In this month’s update for directors, secretaries and general counsels we:
- consider a case where a salaried director was held not to be an employee;
- examine the new arbitration process for covid-related commercial rent arrears; and
- learn lessons on interpretating pre-emption rights from a dispute involving Swindon Town FC
Salaried director was not an employee
The Employment Appeal Tribunal has held that a director, who received payments described as "salary" was not in fact an employee or worker and so the various employment-related claims he had brought were unsustainable.
The case of Rainford v Dorset Aquatics Limited EA-2020-000123-BA arose out of a dispute between two brothers, Bradley and Ben. The brothers were co-directors and 40/60 shareholders in a small family company which did landscape work and made water features.
On their accountants' advice, the brothers were each paid an equal monthly "salary" by the company, from which PAYE and NI were deducted, and they also agreed on the amount of dividends to be paid at the end of each financial year. Bradley worked as the site manager at premises owned by the company but neither he nor Ben had a written employment contract.
When the brothers fell out, Bradley brought a claim for unfair dismissal, notice pay, unlawful deductions and holiday pay. But the company argued that he was not actually an employee entitled to bring those claims.
The judge noted that there is no reason in principle why someone who is a shareholder and director of a company cannot also be an employee, even if the person has total control over the company. Whether they are an employee or worker is a question of fact.
There are various different factors that the court will look at when assessing someone's status. For example, a genuine right of substitution is inconsistent with an employee's obligation to perform personal services. And if that general right of substitution exists, it is immaterial whether or not it is actually exercised. Similarly, whilst the payment of "salary" with payslips and deductions would suggest an employment relationship, it is not decisive on its own.
In this case, the company exercised little or no control over Bradley’s work: he had set his own hours and holidays, and could undertake other work. The tribunal accepted Ben's evidence that he would have accepted a substitute site manager nominated by Bradley to act in his place, even though the issue had never arisen in practice. The payment of "salary", with wage slips and deductions, was found to be of little significance where it had been organised by the company accountant for tax reasons, without any particular awareness on the part of the recipient and it related to only a small part of their total payments from the company.
At first instance, the tribunal had found that Bradley was neither an employee nor a worker. That decision was upheld on appeal.
The tribunal confirmed that it was perfectly possible for a person to be both an employee of a company and a director/shareholder. However, the exact status of an individual will be decided by taking into account all the relevant circumstances and, as this case shows, it will not always be sufficient that the director received a salary for the work they were carrying out.
New arbitration scheme for rent arrears
The Commercial Rent (Coronavirus) Bill 2021-22 sets out the framework of a new arbitration scheme aimed at helping landlords and tenants resolve disputes in relation to pandemic-related rent arrears. A related Code of Practice, aligned with the new Bill, supplements the arbitration process.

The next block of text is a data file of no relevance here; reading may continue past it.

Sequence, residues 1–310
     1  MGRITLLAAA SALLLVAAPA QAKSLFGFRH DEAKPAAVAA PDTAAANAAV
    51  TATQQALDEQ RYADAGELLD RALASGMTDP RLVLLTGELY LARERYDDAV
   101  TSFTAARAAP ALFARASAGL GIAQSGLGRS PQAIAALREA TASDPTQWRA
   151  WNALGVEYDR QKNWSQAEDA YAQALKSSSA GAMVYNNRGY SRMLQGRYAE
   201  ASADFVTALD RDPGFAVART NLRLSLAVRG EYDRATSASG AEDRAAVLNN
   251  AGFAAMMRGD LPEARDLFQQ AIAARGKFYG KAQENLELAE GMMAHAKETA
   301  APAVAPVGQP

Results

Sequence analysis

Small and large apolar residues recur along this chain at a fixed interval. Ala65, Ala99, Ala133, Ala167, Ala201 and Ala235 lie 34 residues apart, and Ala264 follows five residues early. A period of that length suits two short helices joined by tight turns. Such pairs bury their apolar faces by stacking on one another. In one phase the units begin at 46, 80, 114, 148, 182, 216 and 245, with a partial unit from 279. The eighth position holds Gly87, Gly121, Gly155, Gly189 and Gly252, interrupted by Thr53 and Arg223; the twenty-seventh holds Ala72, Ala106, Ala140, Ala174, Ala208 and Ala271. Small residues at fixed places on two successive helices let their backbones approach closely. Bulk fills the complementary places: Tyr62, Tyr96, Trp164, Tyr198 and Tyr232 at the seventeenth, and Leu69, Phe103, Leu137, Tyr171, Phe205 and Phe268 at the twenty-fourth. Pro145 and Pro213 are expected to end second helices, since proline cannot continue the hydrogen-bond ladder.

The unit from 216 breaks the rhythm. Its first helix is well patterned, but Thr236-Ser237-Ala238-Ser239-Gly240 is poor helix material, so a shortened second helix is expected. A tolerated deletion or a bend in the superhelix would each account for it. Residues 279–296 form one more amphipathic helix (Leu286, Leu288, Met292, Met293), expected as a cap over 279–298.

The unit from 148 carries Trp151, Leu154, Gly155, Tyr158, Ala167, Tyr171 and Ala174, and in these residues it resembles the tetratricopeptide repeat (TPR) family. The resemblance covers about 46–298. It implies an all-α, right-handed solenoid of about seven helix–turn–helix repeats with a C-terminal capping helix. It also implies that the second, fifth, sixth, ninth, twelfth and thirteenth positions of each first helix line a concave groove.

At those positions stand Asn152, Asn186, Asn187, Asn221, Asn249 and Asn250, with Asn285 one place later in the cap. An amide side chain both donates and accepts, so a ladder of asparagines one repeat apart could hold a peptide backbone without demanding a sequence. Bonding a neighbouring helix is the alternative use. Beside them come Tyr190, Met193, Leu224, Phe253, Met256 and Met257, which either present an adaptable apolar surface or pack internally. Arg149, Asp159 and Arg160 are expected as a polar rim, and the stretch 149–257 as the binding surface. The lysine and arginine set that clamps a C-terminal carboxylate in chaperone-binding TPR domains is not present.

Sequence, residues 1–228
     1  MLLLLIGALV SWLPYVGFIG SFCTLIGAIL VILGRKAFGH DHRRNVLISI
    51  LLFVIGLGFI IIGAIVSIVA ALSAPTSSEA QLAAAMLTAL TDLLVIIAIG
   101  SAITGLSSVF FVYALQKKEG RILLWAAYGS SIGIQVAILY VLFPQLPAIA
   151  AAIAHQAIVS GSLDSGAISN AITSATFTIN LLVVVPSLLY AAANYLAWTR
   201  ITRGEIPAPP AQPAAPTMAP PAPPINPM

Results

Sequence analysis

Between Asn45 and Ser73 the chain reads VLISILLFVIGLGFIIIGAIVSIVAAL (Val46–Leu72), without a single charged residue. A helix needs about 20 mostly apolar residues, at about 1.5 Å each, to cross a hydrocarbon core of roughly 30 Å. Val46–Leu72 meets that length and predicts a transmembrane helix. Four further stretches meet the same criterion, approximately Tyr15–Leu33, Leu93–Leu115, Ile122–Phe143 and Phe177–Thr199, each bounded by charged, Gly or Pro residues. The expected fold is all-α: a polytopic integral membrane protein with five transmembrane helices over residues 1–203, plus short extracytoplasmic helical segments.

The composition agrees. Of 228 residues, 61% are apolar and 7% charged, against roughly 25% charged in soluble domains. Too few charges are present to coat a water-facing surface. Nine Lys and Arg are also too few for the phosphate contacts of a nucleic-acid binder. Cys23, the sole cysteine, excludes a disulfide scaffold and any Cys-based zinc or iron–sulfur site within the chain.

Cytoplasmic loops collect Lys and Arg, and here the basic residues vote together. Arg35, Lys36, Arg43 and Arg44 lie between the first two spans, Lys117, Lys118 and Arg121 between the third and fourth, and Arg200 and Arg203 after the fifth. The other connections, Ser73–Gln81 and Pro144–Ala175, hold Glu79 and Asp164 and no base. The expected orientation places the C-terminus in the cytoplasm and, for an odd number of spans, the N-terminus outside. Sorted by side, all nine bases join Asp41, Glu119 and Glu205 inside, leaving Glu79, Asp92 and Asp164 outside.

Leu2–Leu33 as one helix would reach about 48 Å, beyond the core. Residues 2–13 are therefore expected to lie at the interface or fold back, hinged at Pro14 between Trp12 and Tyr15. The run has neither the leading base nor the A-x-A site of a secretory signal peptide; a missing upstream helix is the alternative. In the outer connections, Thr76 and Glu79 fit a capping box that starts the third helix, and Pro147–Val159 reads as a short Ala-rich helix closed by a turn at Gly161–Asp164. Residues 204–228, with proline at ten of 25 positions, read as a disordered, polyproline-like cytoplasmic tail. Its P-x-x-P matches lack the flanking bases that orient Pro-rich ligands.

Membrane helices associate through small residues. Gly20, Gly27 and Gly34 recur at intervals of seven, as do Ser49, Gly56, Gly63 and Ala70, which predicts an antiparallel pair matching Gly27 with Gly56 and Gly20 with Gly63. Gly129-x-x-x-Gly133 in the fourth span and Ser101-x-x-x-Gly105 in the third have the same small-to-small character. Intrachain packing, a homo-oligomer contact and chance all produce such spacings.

Over the last two years the government introduced a range of measures aimed at supporting businesses that were forced to close during the pandemic. This included a restriction on the landlord's ability to forfeit a lease for non-payment of rent and a prohibition on issuing a winding up petition in relation to commercial rent arrears that arose as a result of the pandemic.
The new Bill, which is due to come into force when those existing measures end in March 2022, aims to assist businesses and their landlords in resolving disputes and transitioning back to "business as usual". The Bill seeks to force landlords and tenants to share the burden of arrears, taking into account their respective interests.
The Bill provides for a temporary moratorium on the enforcement of protected rent debts to allow time for a dispute to be resolved, either by the new arbitration process or otherwise.
Only business tenants that were forced to close during the pandemic will be able to take advantage of the arbitration scheme and then only in relation to rent arrears (including service charges, insurance costs, VAT and interest) that relate to the period between 21 March 2020 and the last date on which that business was forced to close due to covid-related restrictions.
The parties must first comply with a pre-arbitration process, aimed at encouraging them to reach an agreement on the proposed arrears. This requires one party to notify the other of its intention to apply for arbitration and to provide details of its proposals to settle the arrears. The other party then has 14 days within which to respond and provide a counter offer. Once a further 14 days has elapsed, during which the counter offer can be considered, either party can apply for arbitration. Applications must be made within six months of the Bill coming into force (which is expected to be on 25 March 2022) and the arbitration fees must be paid in advance by the applicant.
If the arbitrator believes that the tenant's business is viable (or would be with relief from the arrears) they must make an award for relief in one or more of the following forms: